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Doubts, despair, and falling in place

Doubts, despair, and falling in place
With his 16th major book, Paulo Coelho continues to enthrall readers despite there being no surprises about his manner of story-telling. The title suggests it all, Adultery. But this story of Linda is not one about the crude act of adultery, but about the whys, and hows, and what-ifs around it.

Linda is a successful journalist in her thirty’s, has two lovely children, a boy and a girl, a wonderful husband who loves her no end and is rich enough to never have Linda have to work at all. They have a quiet and peaceful life in the city of Geneva. Despite it all, what makes Linda question her existence and have doubts about herself is what she intends to figure out through 
random acts of secret eccentricity, and serendipity.

A chance encounter with her high-school boyfriend is a release from this air-tight stillness, until she realises this is only for the time being, and essentially no solution to what’s gnawing at her. This is her private <g data-gr-id="54">secrete</g> that she lets devour her while struggling to set things right.

Curiously, the problem is not the presence of an outwardly untoward situation. The problem is that things are too normal and regular and set right for her to feel the dynamic flow of life. Linda’s problem is everyone’s problem at some point of time. Even an eighty year old woman in her city protests against banning smoking in bars, and then there is Linda, feeling a complete lack of purpose in being secretive about her exclusive private life, and yet not being able to do anything otherwise. Professional assistance does not come in very handy for her. 

There can be a thin line between a disease and a disorder. But Linda is just bored and fed up. And so, this tale tells about just how dangerous boredom could be. But she is not bored with her job, or her children, or her <g data-gr-id="117">arriage</g>. Nor is she bored with how her life is progressing because everyone can see it, she is <g data-gr-id="64">successful,</g> and charismatic, and a beautiful and desirable woman. But still she stays in <g data-gr-id="63">shower</g> for long and cries hard for no apparent reason. She makes sure not to turn her husband away more than two times in a row. And rolls up her car windows on her way to work and cries again.

Jacob is now a well-known politician who has a narcissistic and haughty wife who plays her part with him in a most detached and explicit manner. She is a professor and her intellectual arrogance is there in plenty. The apparent adult fantasy of both Jacob and Linda to escape into their high-school days of carefree merry-making is an illusion that Linda soon snaps out from. The uninhibited expressions of desperation for just life drive her to realise that Jacob can only withhold, suppress, and eventually just prolong her sufferance.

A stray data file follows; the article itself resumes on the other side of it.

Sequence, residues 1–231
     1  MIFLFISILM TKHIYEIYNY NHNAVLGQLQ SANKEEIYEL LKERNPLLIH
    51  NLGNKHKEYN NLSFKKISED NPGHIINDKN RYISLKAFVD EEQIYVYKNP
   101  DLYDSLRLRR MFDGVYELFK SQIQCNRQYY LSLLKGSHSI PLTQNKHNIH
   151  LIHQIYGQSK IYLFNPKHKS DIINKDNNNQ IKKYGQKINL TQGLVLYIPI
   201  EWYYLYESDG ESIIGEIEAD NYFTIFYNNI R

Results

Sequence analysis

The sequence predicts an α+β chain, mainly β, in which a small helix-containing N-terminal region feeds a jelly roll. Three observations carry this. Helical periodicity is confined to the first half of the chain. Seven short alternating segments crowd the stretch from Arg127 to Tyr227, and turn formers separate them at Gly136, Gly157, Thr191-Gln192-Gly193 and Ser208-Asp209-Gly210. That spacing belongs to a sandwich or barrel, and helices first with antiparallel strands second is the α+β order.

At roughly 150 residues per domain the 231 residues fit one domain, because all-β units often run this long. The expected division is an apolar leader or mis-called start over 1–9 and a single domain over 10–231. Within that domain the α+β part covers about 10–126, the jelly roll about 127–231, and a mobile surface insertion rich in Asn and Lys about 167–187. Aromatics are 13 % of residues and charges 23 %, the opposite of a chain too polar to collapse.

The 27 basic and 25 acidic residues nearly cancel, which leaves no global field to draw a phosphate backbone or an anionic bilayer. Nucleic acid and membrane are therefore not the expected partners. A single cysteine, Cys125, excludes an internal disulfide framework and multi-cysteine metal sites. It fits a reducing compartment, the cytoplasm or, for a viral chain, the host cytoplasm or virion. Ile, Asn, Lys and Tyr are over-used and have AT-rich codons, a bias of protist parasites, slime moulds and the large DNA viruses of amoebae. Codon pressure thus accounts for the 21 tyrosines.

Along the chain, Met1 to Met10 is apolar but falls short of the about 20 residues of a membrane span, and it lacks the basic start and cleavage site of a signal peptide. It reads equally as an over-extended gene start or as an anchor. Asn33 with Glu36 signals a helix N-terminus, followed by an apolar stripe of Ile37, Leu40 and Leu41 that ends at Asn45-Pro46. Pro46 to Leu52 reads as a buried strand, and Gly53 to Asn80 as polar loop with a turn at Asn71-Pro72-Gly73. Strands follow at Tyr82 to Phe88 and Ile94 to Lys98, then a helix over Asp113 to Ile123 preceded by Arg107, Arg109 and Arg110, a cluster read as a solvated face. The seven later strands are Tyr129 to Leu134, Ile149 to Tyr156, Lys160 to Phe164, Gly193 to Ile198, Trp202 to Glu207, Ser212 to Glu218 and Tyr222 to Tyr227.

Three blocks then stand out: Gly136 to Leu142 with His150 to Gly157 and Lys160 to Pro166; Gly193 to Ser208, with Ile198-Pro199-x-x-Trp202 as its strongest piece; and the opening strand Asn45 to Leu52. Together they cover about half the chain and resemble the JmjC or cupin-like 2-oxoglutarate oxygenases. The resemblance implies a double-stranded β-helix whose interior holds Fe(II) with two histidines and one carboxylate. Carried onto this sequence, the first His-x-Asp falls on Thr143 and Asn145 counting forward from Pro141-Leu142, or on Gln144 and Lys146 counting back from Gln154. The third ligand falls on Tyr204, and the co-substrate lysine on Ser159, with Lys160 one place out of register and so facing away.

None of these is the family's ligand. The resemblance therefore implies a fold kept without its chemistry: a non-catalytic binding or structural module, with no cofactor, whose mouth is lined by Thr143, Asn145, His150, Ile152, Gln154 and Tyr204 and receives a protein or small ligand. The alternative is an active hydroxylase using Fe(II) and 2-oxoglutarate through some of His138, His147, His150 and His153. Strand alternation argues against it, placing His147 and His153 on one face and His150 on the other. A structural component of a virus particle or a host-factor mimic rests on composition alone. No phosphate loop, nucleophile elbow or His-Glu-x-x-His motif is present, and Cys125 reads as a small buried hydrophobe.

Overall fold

Adultery is not a story that could be completely put across in a line or a paragraph. This is a story that leads to adultery, as an escape and as a mirage of <g data-gr-id="77">meaning</g> of <g data-gr-id="78">life,</g> and transcending this enchanting delusion. Linda’s husband all along is a passive character who can be blamed for Linda’s condition. But as the novel progresses, we learn that he is a man with some deep understanding and <g data-gr-id="74">awareness,</g> and tremendous composure. He takes his wife paragliding one day. Linda is scared of the activity and of the mere thought of it. This episode of adventure goes far beyond paragliding. For Linda, it is facing her fears, being receptive of the unexpected, and having faith. Her husband loves her immensely and lets her know in an intimate moment that his love is no shackle for her. If she wishes to leave she is free to do that as long as it makes her happy. This interaction gives Linda what she did not know was lacking in her life – a sense of meaning and purpose, in continuity.  

Adultery is not always an act of the mighty devil inside a person. Often times it is just a cry out for something that is not yet known but the absence of which is haunting and devouring. It is not exclusive to the relationship of marriage but life in general. Infidelity is a symptom of a deeper issue. Adultery is not necessarily about character or the lack of it, but about a vacuum that one may seek to fill. This is not to justify it but to understand it. Life is sacred in all its aspects. And wading through the snarls of life, stumbling upon its meaning is the liberation we all seek without always knowing.
Kavya Dubey

Kavya Dubey

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